Acceptance and DivorcePublished May 2, 2019
What on earth does acceptance have to do with divorce? A lot. Acceptance is big when it comes to divorce. Why? Because acceptance is often hard to do in any challenging situation. Divorce certainly fits the bill for a challenging situation, and it is very hard to accept that an experience will be emotionally, physically or mentally difficult. Yet, once we do accept the difficulty or challenge, completing the task at hand becomes more bearable and (dare I say) easier.
Acceptance yields success
Take for example the average person who decides to run a marathon. The experience of training for and completing a marathon is hard across the board – emotionally, physically and mentally. Yet, the person will have better success if he or she accepts the challenge for what it is and trains with the mindset that the process will be hard but achievable with patience, perseverance and compassion. Conversely, if the person sets out with a “piece of cake” attitude, each unforeseen or negative event that occurs during training or the marathon itself can become a huge stumbling block to getting across the finish line.
Divorce and marathons are similar
Going through a divorce is like running a marathon. The process is hard across the board – emotionally, physically and mentally. People who accept that the divorce process will be difficult and shift their mindset to working through it with patience, perseverance and compassion will tolerate the experience better. Also, their responses to unexpected events, delays and disappointments that happen along the way may be less hostile, reactive and inflammatory.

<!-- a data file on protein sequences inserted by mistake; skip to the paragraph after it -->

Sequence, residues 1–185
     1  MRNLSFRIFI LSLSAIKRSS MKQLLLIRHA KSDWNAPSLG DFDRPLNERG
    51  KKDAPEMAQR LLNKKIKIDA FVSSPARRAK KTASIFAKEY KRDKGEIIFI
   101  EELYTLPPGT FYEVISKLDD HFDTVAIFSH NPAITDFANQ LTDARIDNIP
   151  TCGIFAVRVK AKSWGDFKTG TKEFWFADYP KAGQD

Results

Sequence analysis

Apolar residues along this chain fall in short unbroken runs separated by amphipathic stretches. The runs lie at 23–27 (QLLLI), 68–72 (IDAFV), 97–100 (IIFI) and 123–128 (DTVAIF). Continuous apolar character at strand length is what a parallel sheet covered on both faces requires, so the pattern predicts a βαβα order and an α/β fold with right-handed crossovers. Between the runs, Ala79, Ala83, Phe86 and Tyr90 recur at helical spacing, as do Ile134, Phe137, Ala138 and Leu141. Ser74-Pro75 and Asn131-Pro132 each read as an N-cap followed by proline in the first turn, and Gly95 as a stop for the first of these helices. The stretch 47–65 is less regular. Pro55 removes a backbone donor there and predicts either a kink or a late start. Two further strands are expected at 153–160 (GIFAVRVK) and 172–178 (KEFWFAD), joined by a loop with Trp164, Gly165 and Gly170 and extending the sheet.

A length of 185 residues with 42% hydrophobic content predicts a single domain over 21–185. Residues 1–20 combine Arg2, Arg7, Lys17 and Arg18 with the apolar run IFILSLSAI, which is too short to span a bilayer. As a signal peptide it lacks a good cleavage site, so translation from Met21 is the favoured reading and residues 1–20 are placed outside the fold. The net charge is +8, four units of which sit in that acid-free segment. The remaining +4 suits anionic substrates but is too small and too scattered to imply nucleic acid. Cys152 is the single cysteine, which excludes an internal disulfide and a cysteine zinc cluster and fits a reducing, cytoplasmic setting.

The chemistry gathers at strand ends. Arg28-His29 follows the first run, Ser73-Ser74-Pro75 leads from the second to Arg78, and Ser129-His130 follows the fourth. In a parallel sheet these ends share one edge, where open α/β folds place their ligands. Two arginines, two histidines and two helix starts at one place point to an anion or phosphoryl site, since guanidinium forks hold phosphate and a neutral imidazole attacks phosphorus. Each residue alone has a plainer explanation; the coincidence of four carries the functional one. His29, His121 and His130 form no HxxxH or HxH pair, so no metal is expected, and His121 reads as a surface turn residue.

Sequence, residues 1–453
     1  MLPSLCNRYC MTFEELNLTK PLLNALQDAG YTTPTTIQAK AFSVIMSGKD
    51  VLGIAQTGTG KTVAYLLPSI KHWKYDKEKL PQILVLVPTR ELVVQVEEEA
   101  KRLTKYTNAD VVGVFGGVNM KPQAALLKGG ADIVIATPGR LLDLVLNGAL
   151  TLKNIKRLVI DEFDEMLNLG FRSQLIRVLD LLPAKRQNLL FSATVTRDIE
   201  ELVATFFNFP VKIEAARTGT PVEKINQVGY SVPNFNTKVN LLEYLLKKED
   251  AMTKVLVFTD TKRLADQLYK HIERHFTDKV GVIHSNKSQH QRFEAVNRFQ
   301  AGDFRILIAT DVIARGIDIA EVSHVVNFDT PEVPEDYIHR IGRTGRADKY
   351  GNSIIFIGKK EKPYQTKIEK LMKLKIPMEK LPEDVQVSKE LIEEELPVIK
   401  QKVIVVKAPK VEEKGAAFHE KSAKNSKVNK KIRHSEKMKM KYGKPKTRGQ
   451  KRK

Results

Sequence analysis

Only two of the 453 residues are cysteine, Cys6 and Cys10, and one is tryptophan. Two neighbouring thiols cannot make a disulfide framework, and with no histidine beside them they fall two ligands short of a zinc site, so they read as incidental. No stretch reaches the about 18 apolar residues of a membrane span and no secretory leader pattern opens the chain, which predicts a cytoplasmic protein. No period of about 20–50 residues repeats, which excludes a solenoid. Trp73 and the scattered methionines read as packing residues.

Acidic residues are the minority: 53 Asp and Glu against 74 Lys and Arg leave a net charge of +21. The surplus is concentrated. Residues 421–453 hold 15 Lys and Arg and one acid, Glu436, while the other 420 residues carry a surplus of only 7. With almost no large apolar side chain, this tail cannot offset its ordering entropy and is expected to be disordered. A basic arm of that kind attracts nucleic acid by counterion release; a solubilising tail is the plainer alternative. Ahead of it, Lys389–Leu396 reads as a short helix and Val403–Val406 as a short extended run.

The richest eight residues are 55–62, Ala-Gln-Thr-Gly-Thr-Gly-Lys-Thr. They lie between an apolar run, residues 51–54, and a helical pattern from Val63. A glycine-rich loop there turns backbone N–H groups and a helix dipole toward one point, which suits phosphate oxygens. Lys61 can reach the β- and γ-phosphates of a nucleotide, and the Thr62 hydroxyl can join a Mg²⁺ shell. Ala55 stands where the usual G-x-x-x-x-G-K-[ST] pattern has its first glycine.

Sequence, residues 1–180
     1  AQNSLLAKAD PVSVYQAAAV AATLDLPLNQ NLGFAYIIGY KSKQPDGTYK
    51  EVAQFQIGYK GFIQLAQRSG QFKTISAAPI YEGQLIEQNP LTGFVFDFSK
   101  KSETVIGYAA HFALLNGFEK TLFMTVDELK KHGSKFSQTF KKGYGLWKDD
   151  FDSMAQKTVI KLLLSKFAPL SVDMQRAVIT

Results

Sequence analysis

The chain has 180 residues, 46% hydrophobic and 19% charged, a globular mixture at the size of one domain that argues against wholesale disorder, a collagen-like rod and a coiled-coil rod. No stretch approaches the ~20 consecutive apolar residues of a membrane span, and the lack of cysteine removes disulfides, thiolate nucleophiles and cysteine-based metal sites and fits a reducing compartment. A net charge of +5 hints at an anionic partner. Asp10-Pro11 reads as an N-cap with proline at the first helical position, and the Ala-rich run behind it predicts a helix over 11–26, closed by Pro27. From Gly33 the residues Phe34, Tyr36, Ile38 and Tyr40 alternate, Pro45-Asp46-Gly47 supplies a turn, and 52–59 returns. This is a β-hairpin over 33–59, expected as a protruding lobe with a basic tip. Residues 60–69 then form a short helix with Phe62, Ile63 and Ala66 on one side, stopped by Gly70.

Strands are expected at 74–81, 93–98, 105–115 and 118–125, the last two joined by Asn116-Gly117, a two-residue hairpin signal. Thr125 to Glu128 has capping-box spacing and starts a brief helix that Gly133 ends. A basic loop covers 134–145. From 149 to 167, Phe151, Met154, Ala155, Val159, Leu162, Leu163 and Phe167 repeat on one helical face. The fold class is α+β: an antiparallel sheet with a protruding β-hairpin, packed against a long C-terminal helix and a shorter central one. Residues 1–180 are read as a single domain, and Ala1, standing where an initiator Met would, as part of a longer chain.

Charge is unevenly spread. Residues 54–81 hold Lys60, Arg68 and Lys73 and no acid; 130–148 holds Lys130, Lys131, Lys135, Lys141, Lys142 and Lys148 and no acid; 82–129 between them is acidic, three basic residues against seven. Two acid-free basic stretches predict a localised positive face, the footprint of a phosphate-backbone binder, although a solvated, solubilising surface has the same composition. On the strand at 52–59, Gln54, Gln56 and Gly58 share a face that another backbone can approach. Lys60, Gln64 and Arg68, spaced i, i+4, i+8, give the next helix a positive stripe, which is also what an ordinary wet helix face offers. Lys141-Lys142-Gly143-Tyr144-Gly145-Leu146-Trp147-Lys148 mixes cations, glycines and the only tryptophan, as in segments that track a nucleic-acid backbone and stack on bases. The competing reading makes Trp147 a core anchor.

Acceptance is an ongoing act
Another key point to understand about acceptance in a divorce is that it is an ongoing act. In other words, you might be faced with needing to reach acceptance multiple times throughout the divorce process. If you are not asking for the divorce, you may need to accept that your spouse is. At some point, you may also have to accept that your spouse is moving out of your home and/or beginning a relationship with someone who isn’t you. If you are the one who wants out of the marriage, you may need to accept that getting the actual divorce may not be a quick process. You may need to accept that your spouse may need some time to work through his or her emotions before he or she is ready to discuss dividing up assets, establishing arrangements for your kids or figuring out support obligations. Regardless of whether you do or don’t want out of the marriage, you will need to accept that there are things completely out of your control in the process.
Shift your mindset soon
The sooner you shift your mindset to acceptance in the divorce process, the better off you will be because acceptance will bring you more peace and grounding. In turn, your emotional feathers will not be as ruffled (yep, they will still be ruffled but less so) when your spouse rejects your settlement offer or fails to pick up the kids on time or you must decide whether to sell your home or part with your Vitamix blender.